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Proposed changes to medical marijuana rules worry some caregivers, dispensary owners

Posted at 6:21 PM, Mar 19, 2019
and last updated 2019-05-19 11:37:03-04

YPSILANTI, Mich. (WXYZ-TV) — Jake Abraham is the owner of Sticky Ypsi, a medical marijuana provisioning center or dispensary, in Ypsilanti.

He's worried proposed changes to Michigan's medical marijuana market could impact his business and his patients.

Right now, Abraham gets all of his product from caregivers -- personal growers allowed 72 plants for up to six patients. Abraham buys their excess product.

Thursday, the state’s Medical Marijuana Licensing Board will vote on a resolution from LARA- the state’s regulatory arm, that would require excess product first go to a licensed grower and processor to be state tested.

“I’ll have to overpay for my product and it will be about half the quality of what I’m getting now," Abraham told 7 Action News.

Abraham said he'd likely be paying double for product, based on quotes he's already received from licensed growers.

According to the LARA, new testing requirements aim to keep patients safe.

"It is recommended that medical marijuana patients purchase products from licensed facilities and validate that the products being purchased have been tested under the law and rules of the state. Using marijuana products that contain levels of mold and/or chemical residue that the rules define as being potentially unsafe could lead to negative health consequences, particularly for immunocompromised patients," a LARA spokesperson said via email.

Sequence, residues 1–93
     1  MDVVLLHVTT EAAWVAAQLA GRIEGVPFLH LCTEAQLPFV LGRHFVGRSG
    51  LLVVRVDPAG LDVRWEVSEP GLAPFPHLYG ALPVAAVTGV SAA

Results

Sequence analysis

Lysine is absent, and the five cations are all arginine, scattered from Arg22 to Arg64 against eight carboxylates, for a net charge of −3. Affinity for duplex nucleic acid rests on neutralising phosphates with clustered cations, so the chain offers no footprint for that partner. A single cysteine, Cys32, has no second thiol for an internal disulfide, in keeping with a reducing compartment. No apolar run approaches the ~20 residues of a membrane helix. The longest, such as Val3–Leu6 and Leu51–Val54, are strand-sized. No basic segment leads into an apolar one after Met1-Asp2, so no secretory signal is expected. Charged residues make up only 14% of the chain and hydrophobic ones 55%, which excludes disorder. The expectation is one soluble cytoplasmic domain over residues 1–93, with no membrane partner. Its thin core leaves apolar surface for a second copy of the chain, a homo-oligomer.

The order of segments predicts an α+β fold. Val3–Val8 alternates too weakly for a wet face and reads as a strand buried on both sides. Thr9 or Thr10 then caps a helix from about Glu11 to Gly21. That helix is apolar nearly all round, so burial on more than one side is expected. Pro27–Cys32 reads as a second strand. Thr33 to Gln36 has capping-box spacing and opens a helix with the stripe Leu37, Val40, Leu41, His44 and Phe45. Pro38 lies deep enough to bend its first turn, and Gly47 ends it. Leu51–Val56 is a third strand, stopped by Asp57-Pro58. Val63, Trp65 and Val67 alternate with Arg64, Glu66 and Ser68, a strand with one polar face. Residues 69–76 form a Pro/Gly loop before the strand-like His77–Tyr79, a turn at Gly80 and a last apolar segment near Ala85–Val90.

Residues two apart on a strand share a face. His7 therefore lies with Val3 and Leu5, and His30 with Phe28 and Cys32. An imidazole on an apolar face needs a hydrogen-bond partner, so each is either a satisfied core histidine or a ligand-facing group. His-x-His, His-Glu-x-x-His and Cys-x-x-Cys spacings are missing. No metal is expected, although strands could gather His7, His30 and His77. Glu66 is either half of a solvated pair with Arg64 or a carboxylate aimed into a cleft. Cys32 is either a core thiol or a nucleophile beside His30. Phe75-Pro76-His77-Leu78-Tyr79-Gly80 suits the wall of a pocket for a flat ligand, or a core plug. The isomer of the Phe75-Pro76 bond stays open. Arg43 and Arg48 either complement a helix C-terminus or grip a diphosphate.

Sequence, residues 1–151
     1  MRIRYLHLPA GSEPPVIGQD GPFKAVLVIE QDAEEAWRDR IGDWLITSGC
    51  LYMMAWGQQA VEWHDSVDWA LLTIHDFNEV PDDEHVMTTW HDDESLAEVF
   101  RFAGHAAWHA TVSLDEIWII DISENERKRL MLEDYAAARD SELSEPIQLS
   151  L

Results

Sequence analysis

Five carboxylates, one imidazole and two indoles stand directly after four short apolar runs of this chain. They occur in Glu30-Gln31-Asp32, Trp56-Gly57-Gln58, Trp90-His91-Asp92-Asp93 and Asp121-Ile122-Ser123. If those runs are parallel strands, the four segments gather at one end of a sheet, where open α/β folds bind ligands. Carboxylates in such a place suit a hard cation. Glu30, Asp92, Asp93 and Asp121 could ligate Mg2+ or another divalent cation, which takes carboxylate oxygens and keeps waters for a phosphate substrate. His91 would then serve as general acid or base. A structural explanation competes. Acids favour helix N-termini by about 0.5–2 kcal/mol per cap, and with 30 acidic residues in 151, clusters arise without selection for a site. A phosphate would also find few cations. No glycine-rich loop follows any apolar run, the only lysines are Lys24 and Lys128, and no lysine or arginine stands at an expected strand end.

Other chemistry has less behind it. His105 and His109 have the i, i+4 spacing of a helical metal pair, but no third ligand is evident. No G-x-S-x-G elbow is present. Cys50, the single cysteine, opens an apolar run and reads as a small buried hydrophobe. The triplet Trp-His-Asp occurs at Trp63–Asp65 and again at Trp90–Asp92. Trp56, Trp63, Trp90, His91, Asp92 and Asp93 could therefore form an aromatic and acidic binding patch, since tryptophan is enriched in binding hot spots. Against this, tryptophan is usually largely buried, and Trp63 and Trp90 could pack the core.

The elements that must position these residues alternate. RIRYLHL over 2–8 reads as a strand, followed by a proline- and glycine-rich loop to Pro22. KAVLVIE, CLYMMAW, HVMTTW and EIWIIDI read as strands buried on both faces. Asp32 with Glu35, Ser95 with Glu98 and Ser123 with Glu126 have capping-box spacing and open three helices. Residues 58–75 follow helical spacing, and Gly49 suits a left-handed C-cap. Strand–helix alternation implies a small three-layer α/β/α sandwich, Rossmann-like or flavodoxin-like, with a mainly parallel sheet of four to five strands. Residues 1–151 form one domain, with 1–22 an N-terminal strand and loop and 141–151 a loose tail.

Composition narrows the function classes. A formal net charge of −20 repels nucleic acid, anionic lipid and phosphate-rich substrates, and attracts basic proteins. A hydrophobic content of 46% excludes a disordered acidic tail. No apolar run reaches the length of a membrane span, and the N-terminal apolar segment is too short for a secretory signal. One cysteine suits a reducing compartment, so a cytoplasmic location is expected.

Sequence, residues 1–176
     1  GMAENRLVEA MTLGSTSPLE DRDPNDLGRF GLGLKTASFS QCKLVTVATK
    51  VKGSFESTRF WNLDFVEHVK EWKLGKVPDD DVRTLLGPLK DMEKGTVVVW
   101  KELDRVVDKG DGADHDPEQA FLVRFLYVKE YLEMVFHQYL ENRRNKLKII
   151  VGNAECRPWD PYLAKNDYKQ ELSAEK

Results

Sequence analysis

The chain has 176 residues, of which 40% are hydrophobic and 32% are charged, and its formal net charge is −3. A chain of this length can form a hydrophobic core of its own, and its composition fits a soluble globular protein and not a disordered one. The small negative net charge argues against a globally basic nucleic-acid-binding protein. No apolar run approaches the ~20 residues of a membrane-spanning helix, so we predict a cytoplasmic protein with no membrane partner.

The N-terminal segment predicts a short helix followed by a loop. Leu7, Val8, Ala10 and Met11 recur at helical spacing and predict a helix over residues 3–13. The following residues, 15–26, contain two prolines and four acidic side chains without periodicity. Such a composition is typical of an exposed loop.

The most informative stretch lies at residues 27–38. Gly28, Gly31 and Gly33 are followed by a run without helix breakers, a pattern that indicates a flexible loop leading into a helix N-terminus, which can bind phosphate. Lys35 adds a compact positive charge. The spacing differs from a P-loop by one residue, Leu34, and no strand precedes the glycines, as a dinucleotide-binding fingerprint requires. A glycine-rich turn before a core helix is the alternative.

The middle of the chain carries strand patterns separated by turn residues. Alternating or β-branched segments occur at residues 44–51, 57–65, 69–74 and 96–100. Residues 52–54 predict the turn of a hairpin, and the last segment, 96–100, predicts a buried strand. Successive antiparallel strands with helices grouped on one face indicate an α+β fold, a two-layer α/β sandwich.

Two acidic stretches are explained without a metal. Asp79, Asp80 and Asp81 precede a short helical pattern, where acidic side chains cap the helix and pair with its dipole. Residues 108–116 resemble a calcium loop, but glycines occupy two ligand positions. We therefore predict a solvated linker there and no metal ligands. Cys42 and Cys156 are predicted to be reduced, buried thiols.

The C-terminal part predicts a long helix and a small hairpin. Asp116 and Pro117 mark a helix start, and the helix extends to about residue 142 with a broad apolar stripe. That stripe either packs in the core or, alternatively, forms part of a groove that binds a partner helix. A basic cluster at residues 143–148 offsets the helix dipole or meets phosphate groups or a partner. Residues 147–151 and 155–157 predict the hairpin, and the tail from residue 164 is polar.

7 Action News spoke to a caregiver, who asked we not show his face. If this new rule goes into effect he said, people like him will be pushed into the black market.

“It’s gonna up the value the product and make it cost way more money than it should because there’s gonna be three hands dipping in the pot.”

Michigan's caregiver market is around 44,000 strong right now. If a portion of that goes underground, patients like Carmen Tubbs fear their access to product could be impacted.

“The issue that we’ve kind of been running into in this state lately is just places closing down," she said.

Tubbs, who currently shops at Sticky Ypsi, said her previous provisioning center shut its doors.

“They need to extend the deadline for legal dispensaries to buy from caregivers for at least another year and then revisit the situation to see where the state’s at," the caregiver said.

If the resolution is agreed to, the proposed changes would take effect April 1.